UNITED STATES DISTRICT COURT SOUTHERN DISTRICT OF NEW YORK
June 10, 1949
KAISER et al.
The opinion of the court was delivered by: RIFKIND
Judge Leibell has already ruled, Stella v. Kaiser, D.C.S.D.N.Y. 1948, 82 F.Supp. 301, that the complaint states a claim under Sec. 9(e) of the Securities Exchange Act of 1934, 15 U.S.C.A. § 78i(e), sufficient to withstand a motion to dismiss for lack of jurisdiction and insufficiency.
Plaintiff's present attempt to divorce Sec. 9(e) from Sec. 9(a) and to base his claim on the latter alone is quite meaningless, for Sec. 9(a) itself affords no remedy for damages, although it may be foundation for injunctive relief under 15 U.S.C.A. § 78u(e) or criminal prosecution under 15 U.S.C.A. § 78ff.
If Sec. 9(e) applies, Judge Kaufman has said that plaintiff's good faith is material. Stella v. Kaiser, D.C.S.D.N.Y. 1949, 83 F.Supp. 431.
It follows that the plaintiff can not properly complain of a thorough search into his good faith in bringing this suit.
This is confirmed by special considerations springing from the complaint herein. Judge Leibell, in his opinion sustaining the complaint, has indicated that grave and previously unanswered questions underlie the claim asserted. It is quite possible that a trial will result in a finding that the individual defendants violated Sec. 9(a) but that the corporation is not the intended beneficiary of the statute. Such a result would expose the corporation to claims from all who purchased its stock at a price 'affected' by the violation.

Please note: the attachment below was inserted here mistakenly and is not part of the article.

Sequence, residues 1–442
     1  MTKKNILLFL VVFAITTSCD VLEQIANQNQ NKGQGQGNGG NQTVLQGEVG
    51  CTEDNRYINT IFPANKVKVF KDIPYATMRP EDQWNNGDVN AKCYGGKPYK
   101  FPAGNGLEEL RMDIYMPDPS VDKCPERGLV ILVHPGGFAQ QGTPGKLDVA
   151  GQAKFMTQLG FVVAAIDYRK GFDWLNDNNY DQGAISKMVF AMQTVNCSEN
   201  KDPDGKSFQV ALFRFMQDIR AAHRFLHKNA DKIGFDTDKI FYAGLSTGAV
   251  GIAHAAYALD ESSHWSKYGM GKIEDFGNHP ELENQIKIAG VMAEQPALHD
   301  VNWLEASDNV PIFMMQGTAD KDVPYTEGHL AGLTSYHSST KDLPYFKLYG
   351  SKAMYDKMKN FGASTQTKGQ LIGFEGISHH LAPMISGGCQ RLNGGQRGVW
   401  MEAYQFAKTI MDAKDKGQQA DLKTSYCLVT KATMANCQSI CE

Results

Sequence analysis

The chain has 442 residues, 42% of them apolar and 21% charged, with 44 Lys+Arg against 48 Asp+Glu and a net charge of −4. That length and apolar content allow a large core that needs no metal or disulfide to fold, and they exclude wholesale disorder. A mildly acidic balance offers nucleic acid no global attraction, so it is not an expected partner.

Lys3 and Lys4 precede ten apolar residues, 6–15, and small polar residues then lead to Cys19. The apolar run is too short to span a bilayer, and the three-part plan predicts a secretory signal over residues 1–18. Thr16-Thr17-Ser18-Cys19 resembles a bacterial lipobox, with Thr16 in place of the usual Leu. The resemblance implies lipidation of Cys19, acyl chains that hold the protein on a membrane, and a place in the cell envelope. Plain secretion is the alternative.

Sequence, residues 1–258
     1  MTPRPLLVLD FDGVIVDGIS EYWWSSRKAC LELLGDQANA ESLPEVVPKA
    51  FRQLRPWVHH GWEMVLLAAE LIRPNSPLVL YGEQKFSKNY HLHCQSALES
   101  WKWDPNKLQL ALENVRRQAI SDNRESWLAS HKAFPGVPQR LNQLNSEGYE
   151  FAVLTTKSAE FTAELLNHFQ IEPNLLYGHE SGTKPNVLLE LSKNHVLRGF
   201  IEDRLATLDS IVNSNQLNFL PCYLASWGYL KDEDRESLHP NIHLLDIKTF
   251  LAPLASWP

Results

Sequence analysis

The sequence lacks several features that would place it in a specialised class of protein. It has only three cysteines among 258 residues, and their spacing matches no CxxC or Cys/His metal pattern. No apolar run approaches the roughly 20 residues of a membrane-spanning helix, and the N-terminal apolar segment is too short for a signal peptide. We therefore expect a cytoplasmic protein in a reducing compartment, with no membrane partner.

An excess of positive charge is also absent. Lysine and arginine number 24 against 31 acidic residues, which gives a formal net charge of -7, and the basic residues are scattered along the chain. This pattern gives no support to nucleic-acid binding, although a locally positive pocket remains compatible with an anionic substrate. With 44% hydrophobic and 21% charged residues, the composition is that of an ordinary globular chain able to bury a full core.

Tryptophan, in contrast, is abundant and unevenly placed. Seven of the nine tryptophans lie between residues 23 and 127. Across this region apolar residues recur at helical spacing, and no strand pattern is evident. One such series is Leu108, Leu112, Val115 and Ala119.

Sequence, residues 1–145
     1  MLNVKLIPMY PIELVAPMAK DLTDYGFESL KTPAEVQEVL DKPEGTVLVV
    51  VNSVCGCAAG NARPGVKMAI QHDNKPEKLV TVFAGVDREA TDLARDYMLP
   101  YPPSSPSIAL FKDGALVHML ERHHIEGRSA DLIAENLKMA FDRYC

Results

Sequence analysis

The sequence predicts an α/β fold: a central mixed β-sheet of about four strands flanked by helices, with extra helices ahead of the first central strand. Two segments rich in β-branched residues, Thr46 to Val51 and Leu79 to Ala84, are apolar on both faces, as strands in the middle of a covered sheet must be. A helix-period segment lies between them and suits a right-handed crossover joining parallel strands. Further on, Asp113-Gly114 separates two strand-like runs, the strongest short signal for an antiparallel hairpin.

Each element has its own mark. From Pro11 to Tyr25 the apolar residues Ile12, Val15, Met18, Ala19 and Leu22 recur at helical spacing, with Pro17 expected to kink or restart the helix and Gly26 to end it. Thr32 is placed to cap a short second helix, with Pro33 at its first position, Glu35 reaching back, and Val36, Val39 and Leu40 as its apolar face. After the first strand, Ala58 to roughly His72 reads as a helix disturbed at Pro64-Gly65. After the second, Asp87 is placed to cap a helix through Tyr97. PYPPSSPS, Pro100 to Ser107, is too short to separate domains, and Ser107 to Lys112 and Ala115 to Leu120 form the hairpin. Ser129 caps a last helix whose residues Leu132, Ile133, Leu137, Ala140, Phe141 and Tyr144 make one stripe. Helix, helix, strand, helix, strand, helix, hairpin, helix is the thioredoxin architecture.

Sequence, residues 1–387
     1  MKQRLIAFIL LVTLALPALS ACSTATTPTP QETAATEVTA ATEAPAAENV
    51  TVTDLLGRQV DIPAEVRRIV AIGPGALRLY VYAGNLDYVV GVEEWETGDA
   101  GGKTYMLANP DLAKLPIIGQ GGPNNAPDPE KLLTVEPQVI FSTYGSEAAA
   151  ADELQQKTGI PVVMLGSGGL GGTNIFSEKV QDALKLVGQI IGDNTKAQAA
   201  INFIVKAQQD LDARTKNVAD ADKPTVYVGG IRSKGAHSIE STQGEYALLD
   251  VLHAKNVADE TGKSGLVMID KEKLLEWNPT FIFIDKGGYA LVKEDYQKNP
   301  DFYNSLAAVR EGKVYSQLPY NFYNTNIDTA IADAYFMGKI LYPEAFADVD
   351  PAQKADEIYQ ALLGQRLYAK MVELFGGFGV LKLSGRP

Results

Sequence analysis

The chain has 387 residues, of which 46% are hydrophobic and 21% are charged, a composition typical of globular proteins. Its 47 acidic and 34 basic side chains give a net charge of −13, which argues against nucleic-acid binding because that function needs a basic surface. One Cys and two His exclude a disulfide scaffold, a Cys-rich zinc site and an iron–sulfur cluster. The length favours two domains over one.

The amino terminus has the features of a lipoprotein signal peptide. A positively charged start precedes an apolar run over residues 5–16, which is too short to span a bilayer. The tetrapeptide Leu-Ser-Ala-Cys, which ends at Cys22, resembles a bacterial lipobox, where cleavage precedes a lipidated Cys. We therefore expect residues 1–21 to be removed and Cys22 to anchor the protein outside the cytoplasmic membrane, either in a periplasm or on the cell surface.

Considering the problematical character of the claim asserted and the grave risks to which it exposes the corporation, the apprehension of both the corporation and the individual defendants that the action might be prompted by persons hostile to the corporation can not be regarded as frivolous.
The examination of the plaintiff will, therefore, not be curtailed and he will be directed to answer questions germane to his good faith in instituting this action.
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